Finally, Pesach has been my favorite Jewish holiday since childhood. Early in the 1970s, I felt that the classic Haggadah, despite its history and  important message, was not reflecting the problems or thinking of the time. Consequently, I wrote some inserts for the Haggadah used by the singles seder I was attending. A few years later, I wrote my own contemporary Haggadah, incorporating both current Jewish and global issues and the classic elements of the traditional version. Subsequently, here at Beth Israel, I’ve twice taught a course in “How to Write Your Own Haggadah.” My students later told me about the positive impact of their 21st century Haggadot. My purpose was to utilize the seder— which attracts as many, or more, Jews as Yom Kippur – to apply ancient and current Jewish philosophy and remind us of Micah’s command to “walk humbly with your God.”

In conclusion, despite significant progress in the U.S., Micah’s call for justice, mercy and humility today is  still more of an aspiration than an achievement. It is time we Jews who have been leaders in social justice for hundreds of years to again make it an important element in each of our lives. We, as individuals, or as a Minyan or community, can take steps to give new life to Micah’s words.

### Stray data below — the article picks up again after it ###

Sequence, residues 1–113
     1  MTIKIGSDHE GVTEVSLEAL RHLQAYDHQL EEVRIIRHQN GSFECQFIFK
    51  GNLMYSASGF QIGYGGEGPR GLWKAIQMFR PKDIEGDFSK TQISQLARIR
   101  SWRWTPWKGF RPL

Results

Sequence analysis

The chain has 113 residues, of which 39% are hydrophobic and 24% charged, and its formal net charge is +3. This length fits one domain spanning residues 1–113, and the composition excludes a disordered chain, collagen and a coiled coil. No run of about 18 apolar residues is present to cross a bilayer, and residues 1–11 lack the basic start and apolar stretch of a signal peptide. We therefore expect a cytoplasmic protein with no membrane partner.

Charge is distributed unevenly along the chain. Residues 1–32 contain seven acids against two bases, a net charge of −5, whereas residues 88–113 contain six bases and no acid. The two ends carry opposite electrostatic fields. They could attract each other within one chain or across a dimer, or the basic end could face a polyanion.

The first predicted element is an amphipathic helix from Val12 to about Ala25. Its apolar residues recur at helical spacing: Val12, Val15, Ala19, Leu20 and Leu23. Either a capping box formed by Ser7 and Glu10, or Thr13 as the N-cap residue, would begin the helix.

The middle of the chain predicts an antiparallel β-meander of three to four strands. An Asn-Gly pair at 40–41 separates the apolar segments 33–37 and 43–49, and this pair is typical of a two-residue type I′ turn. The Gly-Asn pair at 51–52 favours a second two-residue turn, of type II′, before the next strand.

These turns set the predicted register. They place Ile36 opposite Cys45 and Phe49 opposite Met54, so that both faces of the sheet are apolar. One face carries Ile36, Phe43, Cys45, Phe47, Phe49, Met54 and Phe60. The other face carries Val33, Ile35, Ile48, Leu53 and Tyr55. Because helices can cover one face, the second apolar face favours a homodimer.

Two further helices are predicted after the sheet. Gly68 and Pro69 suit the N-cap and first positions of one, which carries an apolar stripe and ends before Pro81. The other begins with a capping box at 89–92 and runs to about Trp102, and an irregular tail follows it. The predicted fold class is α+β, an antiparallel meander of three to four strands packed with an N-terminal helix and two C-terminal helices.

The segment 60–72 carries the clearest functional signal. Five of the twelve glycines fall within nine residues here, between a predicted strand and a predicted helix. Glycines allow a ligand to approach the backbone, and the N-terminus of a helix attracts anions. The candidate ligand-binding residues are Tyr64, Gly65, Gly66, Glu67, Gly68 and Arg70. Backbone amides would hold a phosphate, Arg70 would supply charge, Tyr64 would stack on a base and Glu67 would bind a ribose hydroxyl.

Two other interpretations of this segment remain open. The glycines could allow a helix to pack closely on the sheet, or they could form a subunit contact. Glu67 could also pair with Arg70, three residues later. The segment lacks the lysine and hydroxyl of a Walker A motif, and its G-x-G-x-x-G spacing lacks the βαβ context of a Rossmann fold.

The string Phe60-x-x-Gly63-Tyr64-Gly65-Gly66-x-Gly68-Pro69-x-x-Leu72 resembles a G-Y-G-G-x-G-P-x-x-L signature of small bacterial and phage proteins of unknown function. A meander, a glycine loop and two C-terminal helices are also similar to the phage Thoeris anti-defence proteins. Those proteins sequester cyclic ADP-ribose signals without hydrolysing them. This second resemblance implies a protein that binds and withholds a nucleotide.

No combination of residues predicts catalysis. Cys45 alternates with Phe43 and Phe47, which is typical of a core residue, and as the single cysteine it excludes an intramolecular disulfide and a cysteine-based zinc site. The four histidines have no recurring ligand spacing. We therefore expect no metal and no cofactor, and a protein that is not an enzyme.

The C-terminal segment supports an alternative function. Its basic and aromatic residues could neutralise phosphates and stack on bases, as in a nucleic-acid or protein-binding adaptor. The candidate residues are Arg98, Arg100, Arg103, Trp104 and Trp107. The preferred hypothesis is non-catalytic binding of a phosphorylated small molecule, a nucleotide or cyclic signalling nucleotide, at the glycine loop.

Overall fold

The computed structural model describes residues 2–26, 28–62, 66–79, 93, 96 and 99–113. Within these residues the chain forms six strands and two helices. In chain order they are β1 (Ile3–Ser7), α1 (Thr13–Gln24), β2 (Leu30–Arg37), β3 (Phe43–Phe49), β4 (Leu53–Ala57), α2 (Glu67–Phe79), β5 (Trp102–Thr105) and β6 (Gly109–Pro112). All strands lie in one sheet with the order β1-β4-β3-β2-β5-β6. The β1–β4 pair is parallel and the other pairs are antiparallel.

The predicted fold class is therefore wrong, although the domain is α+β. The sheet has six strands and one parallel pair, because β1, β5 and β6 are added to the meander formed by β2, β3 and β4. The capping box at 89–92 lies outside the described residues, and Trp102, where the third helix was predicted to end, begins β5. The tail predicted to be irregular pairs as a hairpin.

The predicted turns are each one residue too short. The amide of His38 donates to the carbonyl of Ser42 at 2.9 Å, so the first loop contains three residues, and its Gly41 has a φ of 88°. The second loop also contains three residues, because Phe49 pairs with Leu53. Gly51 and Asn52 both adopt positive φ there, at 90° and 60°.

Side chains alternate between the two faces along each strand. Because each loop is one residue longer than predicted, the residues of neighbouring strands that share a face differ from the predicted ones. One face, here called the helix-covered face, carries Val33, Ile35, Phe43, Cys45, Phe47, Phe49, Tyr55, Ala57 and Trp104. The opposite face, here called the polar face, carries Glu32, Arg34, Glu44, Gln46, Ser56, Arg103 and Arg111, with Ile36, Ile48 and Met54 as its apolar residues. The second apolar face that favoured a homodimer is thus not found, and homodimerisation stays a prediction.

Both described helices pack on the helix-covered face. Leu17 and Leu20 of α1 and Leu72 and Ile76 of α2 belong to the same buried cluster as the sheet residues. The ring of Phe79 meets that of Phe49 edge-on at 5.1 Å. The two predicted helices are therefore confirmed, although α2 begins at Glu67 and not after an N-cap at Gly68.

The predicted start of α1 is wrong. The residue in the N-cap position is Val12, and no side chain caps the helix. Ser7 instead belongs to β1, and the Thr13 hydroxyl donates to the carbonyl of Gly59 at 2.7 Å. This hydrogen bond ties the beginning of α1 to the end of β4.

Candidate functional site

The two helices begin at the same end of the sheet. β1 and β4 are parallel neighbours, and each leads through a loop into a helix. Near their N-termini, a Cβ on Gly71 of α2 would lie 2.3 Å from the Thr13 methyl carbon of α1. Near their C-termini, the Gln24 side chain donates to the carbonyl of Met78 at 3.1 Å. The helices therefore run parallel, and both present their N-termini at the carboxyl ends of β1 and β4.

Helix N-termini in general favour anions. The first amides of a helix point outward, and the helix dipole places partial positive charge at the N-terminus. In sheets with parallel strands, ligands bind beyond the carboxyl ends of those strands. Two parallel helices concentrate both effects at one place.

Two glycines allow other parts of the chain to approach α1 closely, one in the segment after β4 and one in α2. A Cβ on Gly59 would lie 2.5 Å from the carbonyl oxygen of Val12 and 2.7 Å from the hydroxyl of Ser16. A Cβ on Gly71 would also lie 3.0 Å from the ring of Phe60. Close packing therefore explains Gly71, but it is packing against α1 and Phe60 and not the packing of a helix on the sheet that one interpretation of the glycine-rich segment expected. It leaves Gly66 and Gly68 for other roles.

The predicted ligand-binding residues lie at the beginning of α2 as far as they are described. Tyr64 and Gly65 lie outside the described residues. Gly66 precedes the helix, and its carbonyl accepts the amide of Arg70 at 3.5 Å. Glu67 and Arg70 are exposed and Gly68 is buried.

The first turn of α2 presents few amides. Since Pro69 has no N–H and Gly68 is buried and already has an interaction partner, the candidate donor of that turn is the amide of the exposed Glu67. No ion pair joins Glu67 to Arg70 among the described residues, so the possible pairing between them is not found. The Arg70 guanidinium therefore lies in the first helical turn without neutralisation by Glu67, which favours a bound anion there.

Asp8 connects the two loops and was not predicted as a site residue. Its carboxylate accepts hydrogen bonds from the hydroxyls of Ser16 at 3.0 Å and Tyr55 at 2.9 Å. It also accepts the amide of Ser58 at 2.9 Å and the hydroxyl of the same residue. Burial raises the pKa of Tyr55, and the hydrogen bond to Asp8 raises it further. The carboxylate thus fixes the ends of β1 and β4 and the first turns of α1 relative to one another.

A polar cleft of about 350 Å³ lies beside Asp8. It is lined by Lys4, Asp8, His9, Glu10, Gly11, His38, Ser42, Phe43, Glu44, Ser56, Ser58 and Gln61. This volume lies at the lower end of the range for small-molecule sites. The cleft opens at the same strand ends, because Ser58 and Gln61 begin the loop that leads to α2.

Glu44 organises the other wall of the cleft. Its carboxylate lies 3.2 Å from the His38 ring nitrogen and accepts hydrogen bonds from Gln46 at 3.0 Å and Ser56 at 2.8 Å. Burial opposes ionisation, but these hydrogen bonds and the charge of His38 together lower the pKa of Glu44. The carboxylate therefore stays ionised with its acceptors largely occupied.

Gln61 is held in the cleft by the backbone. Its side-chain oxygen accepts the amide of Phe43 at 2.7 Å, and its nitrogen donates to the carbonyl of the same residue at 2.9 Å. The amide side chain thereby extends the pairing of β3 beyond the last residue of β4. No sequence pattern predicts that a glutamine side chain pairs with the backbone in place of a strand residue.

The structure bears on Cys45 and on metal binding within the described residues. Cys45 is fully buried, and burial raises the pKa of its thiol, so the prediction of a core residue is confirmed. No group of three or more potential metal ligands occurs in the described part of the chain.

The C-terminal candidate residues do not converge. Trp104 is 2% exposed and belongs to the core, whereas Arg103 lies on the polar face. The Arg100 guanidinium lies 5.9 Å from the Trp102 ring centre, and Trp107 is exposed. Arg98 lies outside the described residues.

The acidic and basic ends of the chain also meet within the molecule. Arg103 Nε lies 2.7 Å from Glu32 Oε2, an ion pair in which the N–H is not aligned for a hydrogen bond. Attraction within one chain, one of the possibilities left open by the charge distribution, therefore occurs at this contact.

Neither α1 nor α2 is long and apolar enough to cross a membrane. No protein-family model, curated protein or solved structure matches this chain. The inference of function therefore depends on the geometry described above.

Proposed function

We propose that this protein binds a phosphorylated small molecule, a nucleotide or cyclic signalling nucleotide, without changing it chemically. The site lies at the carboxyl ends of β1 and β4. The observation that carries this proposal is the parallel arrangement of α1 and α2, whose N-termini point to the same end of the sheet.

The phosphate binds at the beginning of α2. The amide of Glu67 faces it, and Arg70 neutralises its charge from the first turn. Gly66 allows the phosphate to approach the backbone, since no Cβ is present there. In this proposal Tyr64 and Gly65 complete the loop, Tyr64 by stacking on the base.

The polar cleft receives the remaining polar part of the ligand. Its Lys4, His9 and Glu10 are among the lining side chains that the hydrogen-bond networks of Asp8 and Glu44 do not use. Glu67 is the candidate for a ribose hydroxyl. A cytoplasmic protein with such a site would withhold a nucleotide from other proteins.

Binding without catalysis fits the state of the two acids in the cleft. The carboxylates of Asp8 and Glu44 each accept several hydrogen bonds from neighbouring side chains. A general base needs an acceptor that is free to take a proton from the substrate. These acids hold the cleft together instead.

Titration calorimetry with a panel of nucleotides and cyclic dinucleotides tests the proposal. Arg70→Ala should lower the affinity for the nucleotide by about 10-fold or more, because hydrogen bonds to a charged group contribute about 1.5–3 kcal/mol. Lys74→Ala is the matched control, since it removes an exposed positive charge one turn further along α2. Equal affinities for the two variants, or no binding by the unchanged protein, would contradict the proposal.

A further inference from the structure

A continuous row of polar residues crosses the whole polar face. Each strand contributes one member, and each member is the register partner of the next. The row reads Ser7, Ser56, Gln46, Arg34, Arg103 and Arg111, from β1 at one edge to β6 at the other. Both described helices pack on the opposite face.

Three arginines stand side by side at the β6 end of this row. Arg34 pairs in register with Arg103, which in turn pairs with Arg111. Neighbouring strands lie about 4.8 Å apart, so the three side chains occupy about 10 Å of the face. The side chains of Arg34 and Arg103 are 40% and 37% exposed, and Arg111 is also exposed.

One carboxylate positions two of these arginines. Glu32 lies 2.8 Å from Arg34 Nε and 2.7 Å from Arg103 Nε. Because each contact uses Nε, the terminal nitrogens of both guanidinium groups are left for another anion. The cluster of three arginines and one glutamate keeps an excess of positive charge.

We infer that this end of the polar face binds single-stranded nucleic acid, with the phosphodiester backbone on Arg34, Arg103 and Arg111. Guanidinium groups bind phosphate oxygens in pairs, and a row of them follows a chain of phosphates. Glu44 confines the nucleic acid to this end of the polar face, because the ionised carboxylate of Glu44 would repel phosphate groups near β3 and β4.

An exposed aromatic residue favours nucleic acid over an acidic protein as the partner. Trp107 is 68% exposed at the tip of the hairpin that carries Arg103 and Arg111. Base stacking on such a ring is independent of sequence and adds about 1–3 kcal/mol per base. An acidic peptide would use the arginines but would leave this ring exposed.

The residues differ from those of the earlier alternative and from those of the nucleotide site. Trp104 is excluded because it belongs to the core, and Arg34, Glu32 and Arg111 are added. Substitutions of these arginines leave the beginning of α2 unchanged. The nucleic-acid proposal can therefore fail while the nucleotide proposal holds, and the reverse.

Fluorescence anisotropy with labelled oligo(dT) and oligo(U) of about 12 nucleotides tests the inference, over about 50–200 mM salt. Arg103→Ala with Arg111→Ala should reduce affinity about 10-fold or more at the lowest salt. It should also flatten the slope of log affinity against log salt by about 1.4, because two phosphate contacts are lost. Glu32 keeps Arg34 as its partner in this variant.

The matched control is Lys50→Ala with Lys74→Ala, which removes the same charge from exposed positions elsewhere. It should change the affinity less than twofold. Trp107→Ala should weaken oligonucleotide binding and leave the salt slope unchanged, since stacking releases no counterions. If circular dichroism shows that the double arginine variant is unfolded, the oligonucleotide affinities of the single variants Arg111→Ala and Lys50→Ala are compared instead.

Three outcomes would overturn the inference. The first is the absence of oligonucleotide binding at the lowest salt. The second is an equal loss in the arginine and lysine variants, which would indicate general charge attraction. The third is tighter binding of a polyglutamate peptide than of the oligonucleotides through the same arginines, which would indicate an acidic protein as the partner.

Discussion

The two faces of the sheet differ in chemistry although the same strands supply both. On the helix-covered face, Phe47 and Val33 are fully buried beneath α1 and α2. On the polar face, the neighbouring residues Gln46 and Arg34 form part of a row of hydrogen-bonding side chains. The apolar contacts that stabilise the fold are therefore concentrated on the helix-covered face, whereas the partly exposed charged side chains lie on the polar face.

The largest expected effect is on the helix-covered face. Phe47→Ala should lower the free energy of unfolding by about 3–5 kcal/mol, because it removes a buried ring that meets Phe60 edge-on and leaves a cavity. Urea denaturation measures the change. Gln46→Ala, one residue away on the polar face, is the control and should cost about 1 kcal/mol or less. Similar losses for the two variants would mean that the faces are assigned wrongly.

Opportunities to “do justice, and to love mercy, and to walk humbly with your God” can arise on any day. It is easy to think, “That’s not my responsibility,” or ‘Let the government do it,” or ‘I don’t have the time now.” But Micah’s call is as timely and merits a response by each of us today, even more than in the 7th century when Micah lived.

What can you do to answer the call?

 Disclaimer: The views and opinions expressed in the D’var Torah articles are those of the authors and do not necessarily reflect the official policy or position of Beth Israel.

Post a comment